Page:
Why South Africa's terror threat is forcing a rethink on finance rules
Jan is a freelance journalist based in Johannesburg.
If you care about business, politics, and culture in a continent that plays an increasingly influential role in the world’s future, sign up!
A U.S. warning of a possible terror attack in South Africa followed by sanctions on four businesspeople is highlighting the country’s vulnerability to regional extremism linked to illicit cross-border money flows.
South Africa has not experienced any international terror attacks but it has been widely cited as a hub for the recruitment, planning, and financing of regional extremist organizations. The five-year Islamist insurgency in neighboring Mozambique’s northern Cabo Delgado province poses an increasing risk after South Africa’s deployment of soldiers to fight as part of a regional peacekeeping force, said analysts. They cited a warning by the Islamic State group two years ago that threatened possible retribution.
The State Security Agency (SSA) refused to comment on the issue, but a security official speaking on condition of anonymity told Semafor the U.S. terror alert “caught us off guard.”
“There is obviously work going on… Their assessment was different to ours so that’s why we were taken aback,” the official said. “Cooperation has increased… and they have shared some of their targets which happen to [be] people that are already being watched.”
A week after the terror alert, the U.S. treasury sanctioned four men it said were senior members of an Islamic State group cell in the eastern port city of Durban linked to eight companies, which include construction firms and jewellers.
The U.S. treasury said Washington will continue to partner with South Africa to deny extremists “the ability to exploit the country’s economy to raise and move funds to support the growth of ISIS affiliates and networks.”
The security source said “there are more politics to this,” adding that there was pressure to have South Africa added to the “gray list” of countries subjected to increased monitoring compiled by the Financial Action Task Force global watchdog .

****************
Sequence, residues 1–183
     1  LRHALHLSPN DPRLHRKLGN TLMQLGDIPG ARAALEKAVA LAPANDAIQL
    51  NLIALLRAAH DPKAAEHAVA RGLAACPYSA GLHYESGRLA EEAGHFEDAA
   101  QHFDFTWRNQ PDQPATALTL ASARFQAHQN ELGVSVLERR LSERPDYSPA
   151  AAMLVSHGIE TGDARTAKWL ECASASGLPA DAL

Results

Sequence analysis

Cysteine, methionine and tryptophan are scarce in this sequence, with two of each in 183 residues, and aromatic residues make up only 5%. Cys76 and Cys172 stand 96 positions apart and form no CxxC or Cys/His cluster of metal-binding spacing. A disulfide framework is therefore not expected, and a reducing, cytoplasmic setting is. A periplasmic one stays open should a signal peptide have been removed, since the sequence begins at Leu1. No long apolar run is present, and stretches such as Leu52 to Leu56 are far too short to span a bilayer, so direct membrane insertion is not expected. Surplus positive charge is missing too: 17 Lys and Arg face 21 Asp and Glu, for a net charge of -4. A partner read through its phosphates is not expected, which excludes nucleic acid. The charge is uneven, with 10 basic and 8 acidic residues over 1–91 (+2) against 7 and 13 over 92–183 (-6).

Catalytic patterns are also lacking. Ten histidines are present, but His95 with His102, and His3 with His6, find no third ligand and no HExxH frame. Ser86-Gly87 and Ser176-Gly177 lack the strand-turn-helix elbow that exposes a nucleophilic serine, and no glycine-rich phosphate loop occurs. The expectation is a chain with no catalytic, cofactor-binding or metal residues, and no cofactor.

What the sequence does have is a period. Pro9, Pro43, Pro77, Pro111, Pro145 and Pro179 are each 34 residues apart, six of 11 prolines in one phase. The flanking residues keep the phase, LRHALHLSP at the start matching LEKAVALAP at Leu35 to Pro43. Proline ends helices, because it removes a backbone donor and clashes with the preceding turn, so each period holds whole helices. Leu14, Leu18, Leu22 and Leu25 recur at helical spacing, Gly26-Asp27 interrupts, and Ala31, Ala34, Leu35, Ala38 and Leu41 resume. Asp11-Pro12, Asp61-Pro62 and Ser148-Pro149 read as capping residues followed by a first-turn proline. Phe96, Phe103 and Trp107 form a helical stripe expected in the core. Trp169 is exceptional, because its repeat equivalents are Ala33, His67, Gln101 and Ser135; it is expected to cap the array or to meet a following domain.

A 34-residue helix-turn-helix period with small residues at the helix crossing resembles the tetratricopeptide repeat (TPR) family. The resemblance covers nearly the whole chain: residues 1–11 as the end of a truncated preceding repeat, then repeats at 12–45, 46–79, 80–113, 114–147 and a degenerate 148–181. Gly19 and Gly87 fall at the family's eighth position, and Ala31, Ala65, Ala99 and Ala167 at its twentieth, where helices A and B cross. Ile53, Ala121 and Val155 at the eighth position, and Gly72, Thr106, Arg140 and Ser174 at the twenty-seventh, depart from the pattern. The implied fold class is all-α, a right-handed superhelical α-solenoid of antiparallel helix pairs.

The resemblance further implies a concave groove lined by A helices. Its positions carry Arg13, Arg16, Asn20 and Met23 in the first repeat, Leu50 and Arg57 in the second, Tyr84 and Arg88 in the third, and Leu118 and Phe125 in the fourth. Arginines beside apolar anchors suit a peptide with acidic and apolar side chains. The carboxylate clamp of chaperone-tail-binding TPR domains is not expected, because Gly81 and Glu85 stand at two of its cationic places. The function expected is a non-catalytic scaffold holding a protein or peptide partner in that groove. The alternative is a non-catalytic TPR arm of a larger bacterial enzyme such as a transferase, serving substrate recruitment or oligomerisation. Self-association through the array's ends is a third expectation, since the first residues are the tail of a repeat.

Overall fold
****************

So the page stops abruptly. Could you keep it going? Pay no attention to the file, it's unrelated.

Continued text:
On Wednesday, South Africa's treasury chief said the country's financial system was being overhauled to improve its ability to tackle illicit finance.
The terror alert and sanctions have laid bare the extent to which South Africa’s law enforcement security agencies have almost entirely broken down in recent years. The Zondo Commission, a judicial inquiry into systemic corruption known as “state capture,” in June found that the SSA was considerably weakened under the presidency of Jacob Zuma during which it became politicized.
Piers Pigou, International Crisis Group’s senior consultant for southern Africa, told me it would take “considerable effort” to rebuild the agency’s network of informants that had been severely corroded over the past decade.
Terrorism financing could cost South Africa, whether authorities crack down on it or not.
The heightened scrutiny caused by being on the gray list would add to the cost of doing business in South Africa, putting off some international investors. Research firm Intellidex estimates the move could wipe up to two percent from the country’s GDP.
But Ryan Cummings, an analyst at Signal Risk, told me efforts to tackle extremism financing could become “an incentive for retaliatory acts of violence.”
Room for Disagreement
Hussein Solomon, who heads the political science department at the University of the Free State, said it was important to view statements by the U.S. and South Africa within the context of relations with China and Russia.
He said South Africa’s participation in naval exercises with Russia and the country’s refusal to criticize Moscow over its war in Ukraine were relevant. “All of these things feed into the question of diplomatic relations,” said Solomon, adding: “As I understand it, relations between the two [South Africa and the U.S.] are pretty low.”
The View From Maputo
Poor security at the border between South Africa and Mozambique has enabled criminal gangs to create a “corridor” through which they smuggle drugs, hijacked vehicles, and other illicit goods, according to Borges Nhamirre, a researcher with the Institute for Security Studies in the Mozambican capital Maputo. He said this environment made it possible for money and weapons to flow between the two countries.
Nhamirre said there was a “high risk” of the Cabo Delgado insurgency spilling over into neighboring countries, including South Africa.
“We know Islamic State has dormant cells almost everywhere in the world,” he said. “So it’s a matter of deciding if they want to activate the dormant cells and conduct attacks in South Africa.”
- The Cabo Delgado insurgency has claimed around 4,000 lives and forced nearly 1 million people to flee their homes since 2017. The instability has jeopardized one of the world’s largest reserves of liquified natural gas (LNG) at a time when the Ukraine war has created a scarcity of gas. On Sunday, Mozambique’s president announced the country had exported its first LNG shipment.